#Article (Archive)

A welcomed development

Jan 4, 2011, 11:23 AM

It is refreshing to walk around the Kanifing Municipality these days. This is so, because the amount of refuse in the streets has been noticeably reduced.

This is to a large extent due to the KMC tractors, trailers and teams of workers who have been travelling the area removing the large rubbish piles, which had been gathering for a significant amount of time.

We have praised the efforts of these teams when they began their service, and urged them to do a good job in the face of an uphill struggle. Now it seems as though a very effective system is in place, as the main streets are noticeably cleaner.

Bins are regularly filled with rubbish indicating that people are definitely using them. Coupled with this is the fact that instances of littering along the main avenue has also reduced.

It is clear from these experiences that people are very eager to make use of proper sanitation services, if they are available. People want a clean environment, and they show this by making use of litter bins, where they are available, and rubbish collection where that can be accessed also. This is an important lesson to us all.

However, we would like to buttress on the call by the Chief Executive Officer of the Kanifing Municipal Council, as highlighted in one of our stories today, for landlords and landladies to pay their rates and businesspeople their taxes, on time.

This will, no doubt, enable the council to embark on more development projects, whose implementation depends on the annual rates and taxes collected by the KMC, which in fact heavily counts on these main sources of revenue for survival.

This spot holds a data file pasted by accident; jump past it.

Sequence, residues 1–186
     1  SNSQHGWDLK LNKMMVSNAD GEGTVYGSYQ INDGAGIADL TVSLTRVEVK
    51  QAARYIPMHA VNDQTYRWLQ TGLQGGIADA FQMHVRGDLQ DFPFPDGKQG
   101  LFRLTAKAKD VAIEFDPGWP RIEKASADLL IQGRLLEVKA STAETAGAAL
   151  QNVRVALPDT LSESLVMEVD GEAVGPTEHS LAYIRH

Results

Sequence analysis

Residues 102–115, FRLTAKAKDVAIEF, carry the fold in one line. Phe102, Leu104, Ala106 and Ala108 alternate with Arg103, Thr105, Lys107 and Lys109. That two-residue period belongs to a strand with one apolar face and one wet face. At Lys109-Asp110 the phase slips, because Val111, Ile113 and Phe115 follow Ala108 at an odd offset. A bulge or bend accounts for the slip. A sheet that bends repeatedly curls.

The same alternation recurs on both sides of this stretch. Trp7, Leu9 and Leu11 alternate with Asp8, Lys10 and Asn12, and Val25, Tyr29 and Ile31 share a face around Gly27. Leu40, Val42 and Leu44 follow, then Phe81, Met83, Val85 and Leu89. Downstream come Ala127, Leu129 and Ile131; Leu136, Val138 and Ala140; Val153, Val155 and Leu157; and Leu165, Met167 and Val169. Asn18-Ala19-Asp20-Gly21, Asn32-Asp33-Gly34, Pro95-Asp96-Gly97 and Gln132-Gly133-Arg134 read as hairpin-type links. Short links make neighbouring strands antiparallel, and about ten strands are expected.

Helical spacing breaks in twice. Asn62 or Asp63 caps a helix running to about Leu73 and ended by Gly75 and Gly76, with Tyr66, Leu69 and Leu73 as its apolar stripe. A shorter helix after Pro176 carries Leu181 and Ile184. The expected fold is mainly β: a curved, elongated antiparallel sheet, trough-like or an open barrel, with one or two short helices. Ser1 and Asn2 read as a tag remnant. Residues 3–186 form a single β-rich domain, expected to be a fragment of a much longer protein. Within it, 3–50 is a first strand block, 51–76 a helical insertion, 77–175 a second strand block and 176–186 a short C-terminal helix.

People should be ready to pay their rates and taxes so as to get development projects in return. It is only by paying their rates and taxes that the KMC can embark on projects for the various communities.

The government has reiterated the importance of a healthy environment, and it seems that people are indeed heeding its advice.

When there is a hygienic and clean environment people feel healthy, since they benefit from a reduction in the incidence of disease-carrying vermin such as rats, and mosquitoes.

We urge all in the private and public sectors to play their role in increasing the number of litter bins available to the general public.

We advise the KMC to better manage its Cleansing Service section, and to monitor its operations so as to ensure that its tractors and cleansing service workers are utilised efficiently, to provide a good refuse collection service to all residences and business premises.

Also, we would recommend that in order to keep the streets clean, it is necessary to enforce the anti-littering law.

It is our view that it is essential to use the media, on a daily basis, to sensitize the general public not to throw litter indiscriminately, and to beware that people will be prosecuted and fined very heavily just for littering.

Encouraging people to become active citizen-police will also help.

Clean streets and a pleasant environment in our communities will not only benefit our health, but also our image as a tourist destination.

“Not being healthy . . . . is one of the few sins that modern society is willing to recognize and condemn.”